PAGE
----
Insomnia and Sleeping Problems
Difficulty sleeping is something most of us have experienced at some point in our lives. Population surveys show that between 30% and 45% of adults will experience insomnia in any given year. Normally, this is in response to a transient stressor and resolves in time. However, for some, sleeping problems are ongoing. These sleep disorders can be very frustrating and have far reaching effects in a person’s daily life in terms of reduced functioning, impaired quality of life, or interacting with co-existing mental health issues such as depression.
Treatment for Insomnia
You may benefit from treatment with a psychologist if you suffer from symptoms of primary insomnia, where for a month or more you have experienced any of these:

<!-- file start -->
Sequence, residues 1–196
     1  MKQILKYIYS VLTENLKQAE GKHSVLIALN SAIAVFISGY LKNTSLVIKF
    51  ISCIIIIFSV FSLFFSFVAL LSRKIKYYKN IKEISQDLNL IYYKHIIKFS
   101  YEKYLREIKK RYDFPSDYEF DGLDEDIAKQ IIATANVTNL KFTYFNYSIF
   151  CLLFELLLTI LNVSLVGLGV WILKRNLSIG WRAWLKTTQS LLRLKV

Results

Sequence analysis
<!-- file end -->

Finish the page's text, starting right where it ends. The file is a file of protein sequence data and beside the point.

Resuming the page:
- You have had trouble falling asleep or staying asleep,
- You have not felt rested after sleeping,
- You have become preoccupied or distressed about by your inability to sleep,
- You fall asleep more easily when you are not trying to (eg. while watching tv, reading etc.),
- You feel low in mood, unable to concentrate, fatigued or unmotivated.
Psychological treatments involve identifying the reasons your sleeping problems are persisting, providing education in good sleeping habits or ‘sleep hygiene’, lifestyle changes, relaxation strategies, challenging unhelpful thinking and behaviour patterns, and scheduling sleep times if needed.
Take Action Today
Psychologists can provide treatment and support to enable you to recover from sleeping difficulties using evidence based treatments. Medicare assistance may be available to cover most of the costs of your appointments.